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Perspectives in Disease Prevention and Health Promotion Smoking-Attributable Mortality -- Kentucky, 1988

Smoking is the single most important preventable cause of death in the United States (1). Among states participating in the Behavioral Risk Factor Surveillance System (BRFSS), Kentucky has consistently ranked at or near the top in prevalence of smoking (2). In 1988, the BRFSS indicated that 34% of adults in Kentucky were current smokers, compared with a median prevalence of 24% for all states surveyed (3). To better characterize the public health burden of smoking in Kentucky, the Kentucky Department for Health Services recently estimated smoking-attributable mortality (SAM) and years of potential life lost (YPLL) in that state during 1988. This report summarizes results from that analysis.

SAM and YPLL were calculated using SAMMEC II (Smoking-Attributable Mortality, Morbidity, and Economic Costs) computer software (4). Calculations were made for 22 smoking-related diseases among adults aged greater than or equal to 35 years (Table 1). The analysis also included smoking-related burn fatalities for persons of all ages and four perinatal conditions related to maternal smoking (5). Age- and sex-specific mortality data for 1988 were obtained from the state's vital records system. Age- and sex-specific smoking prevalence rates for 1988 were obtained from the state's BRFSS. YPLL were calculated to life expectancy using 1985 data from CDC's National Center for Health Statistics (6).

The smoking-attributable fraction (SAF) was derived from age- and sex-specific relative risks of death (based on the American Cancer Society's Cancer Prevention Study II (1)) and prevalence data for current and former smokers from the 1988 BRFSS. Total SAM was calculated by multiplying the number of deaths in each disease category by the specific SAF. Total smoking-attributable YPLL was calculated by multiplying the age-specific SAM by YPLL for each premature death.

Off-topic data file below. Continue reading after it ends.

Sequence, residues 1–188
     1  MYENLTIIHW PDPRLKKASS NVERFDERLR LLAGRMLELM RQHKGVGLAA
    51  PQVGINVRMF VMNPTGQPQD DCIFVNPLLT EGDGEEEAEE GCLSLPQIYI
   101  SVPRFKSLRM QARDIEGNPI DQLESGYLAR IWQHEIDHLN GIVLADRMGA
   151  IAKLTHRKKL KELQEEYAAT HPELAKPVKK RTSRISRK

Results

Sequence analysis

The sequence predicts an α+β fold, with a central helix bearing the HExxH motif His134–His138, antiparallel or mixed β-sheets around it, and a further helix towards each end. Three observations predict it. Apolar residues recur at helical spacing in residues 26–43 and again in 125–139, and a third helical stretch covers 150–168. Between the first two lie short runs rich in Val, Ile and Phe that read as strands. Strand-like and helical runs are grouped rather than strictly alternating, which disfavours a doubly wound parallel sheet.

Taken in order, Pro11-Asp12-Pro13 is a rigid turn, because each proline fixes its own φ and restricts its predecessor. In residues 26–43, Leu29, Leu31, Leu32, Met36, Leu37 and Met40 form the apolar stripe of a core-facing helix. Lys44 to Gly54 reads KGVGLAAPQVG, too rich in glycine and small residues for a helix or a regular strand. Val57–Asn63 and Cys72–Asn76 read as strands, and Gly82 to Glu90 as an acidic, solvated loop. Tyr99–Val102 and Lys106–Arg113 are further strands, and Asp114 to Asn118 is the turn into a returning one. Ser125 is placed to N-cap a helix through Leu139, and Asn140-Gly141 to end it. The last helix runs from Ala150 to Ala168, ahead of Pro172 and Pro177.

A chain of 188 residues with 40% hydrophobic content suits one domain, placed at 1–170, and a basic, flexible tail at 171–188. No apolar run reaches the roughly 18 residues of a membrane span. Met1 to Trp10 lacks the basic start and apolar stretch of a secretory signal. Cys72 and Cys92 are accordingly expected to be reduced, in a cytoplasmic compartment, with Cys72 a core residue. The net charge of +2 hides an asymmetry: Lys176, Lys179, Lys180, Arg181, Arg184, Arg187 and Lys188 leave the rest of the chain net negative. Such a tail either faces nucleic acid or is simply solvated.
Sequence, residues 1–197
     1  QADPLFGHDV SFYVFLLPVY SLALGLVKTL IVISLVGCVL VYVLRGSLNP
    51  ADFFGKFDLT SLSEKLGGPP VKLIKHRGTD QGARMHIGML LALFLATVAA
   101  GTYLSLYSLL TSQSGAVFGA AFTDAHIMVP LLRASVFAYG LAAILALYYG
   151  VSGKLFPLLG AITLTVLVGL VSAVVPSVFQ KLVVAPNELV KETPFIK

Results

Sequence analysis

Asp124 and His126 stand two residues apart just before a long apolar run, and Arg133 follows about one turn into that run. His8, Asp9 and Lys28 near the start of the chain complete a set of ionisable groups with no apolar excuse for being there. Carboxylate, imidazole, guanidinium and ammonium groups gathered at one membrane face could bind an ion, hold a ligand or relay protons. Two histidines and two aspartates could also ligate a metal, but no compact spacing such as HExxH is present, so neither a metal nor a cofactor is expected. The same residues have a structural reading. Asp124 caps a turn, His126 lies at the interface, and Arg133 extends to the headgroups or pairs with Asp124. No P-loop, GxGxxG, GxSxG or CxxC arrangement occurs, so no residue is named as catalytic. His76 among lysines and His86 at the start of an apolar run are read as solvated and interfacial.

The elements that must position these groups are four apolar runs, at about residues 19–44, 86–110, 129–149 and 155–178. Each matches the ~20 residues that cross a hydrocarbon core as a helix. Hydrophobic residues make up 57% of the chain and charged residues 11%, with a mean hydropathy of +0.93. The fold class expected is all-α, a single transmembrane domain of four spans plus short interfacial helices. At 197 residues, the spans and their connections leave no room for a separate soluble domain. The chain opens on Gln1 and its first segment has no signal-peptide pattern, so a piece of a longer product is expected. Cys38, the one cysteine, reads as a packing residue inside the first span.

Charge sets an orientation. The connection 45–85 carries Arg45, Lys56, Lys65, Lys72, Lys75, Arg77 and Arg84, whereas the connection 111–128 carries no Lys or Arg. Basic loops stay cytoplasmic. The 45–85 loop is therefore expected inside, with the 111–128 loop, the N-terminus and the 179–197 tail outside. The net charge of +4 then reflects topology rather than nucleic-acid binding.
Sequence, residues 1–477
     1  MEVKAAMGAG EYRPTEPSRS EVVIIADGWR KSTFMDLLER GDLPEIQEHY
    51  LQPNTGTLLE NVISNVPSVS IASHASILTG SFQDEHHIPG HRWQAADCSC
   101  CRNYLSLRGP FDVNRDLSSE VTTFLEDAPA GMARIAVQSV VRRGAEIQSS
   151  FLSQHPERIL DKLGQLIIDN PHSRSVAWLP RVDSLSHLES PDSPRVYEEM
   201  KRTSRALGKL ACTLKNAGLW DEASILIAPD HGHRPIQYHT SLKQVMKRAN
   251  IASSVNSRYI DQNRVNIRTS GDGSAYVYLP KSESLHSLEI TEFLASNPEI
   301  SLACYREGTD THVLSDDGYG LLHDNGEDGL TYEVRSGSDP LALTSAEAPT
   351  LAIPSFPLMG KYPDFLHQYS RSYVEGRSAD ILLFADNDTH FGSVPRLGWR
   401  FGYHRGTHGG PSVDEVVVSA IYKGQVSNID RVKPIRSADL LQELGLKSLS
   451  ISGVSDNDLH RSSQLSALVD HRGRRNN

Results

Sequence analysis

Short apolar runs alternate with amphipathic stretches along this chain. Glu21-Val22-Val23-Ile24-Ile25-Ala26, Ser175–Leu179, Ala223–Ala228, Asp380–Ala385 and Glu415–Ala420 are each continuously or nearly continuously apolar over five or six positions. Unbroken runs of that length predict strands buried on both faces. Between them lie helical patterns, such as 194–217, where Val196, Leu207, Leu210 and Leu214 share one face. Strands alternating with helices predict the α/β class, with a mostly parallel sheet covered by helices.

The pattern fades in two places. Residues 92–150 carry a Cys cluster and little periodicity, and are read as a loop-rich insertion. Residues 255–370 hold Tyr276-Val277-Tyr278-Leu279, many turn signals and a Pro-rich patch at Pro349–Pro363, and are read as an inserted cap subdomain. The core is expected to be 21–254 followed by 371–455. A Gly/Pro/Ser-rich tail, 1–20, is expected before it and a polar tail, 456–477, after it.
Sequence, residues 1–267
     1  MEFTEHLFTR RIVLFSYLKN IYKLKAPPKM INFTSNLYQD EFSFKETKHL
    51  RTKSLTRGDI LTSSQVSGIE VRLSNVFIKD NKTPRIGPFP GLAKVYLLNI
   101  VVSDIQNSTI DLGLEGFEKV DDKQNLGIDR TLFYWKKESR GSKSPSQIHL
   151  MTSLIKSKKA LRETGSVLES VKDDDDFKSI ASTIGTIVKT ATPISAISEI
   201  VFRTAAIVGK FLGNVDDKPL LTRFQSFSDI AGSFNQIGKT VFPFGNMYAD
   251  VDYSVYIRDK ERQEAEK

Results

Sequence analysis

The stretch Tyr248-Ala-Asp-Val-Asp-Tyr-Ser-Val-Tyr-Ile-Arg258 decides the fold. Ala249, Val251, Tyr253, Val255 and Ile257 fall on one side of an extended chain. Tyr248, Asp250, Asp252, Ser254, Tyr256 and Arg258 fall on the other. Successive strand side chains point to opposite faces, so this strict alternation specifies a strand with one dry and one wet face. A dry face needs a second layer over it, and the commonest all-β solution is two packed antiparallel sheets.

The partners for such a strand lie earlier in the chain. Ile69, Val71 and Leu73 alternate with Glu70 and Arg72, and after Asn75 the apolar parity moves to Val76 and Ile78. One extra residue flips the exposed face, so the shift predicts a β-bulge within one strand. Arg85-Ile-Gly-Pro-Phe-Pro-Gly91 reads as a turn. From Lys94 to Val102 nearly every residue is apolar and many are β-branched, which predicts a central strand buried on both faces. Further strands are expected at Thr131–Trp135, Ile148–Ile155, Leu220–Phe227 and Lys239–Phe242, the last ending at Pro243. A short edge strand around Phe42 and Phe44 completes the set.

In 1988, 8230 deaths in Kentucky were attributable to smoking, accounting for 22% of all deaths in the state during the year. Fifty-three percent of smoking-attributable deaths were from lung cancer and ischemic heart disease (Table 1). Sixty-eight percent of SAM occurred among men (Table 2). Sixty-seven percent of deaths occurred in persons greater than or equal to 65 years of age. However, when smoking-attributable deaths were calculated as a percentage of total deaths, persons aged 45-64 years had a higher percentage of deaths caused by smoking than did persons aged greater than or equal to 65 years (Figure 1). For men aged 55-64 years, 41% of all deaths were attributable to smoking. When considered as a separate cause of death, SAM was the most common cause of death in men, the third most common cause in women, and, for both sexes, the second most common cause in Kentucky (Table 2).

In 1988, 115,458 YPLL before life expectancy in Kentucky were attributable to smoking. Fifty-five percent of smoking-attributable YPLL occurred in persons aged less than 65 years. The mean YPLL was 14 years per smoking-attributable death. Reported by: R Finger, MD, State Epidemiologist, Dept for Health Svcs, Kentucky Cabinet for Human Resources. JM Shultz, PhD, Dept of Epidemiology and Public Health, Univ of Miami School of Medicine, Miami, Florida. Program Svcs Activity, Office on Smoking and Health, Center for Chronic Disease Prevention and Health Promotion; Div of Field Svcs, Epidemiology Program Office, CDC.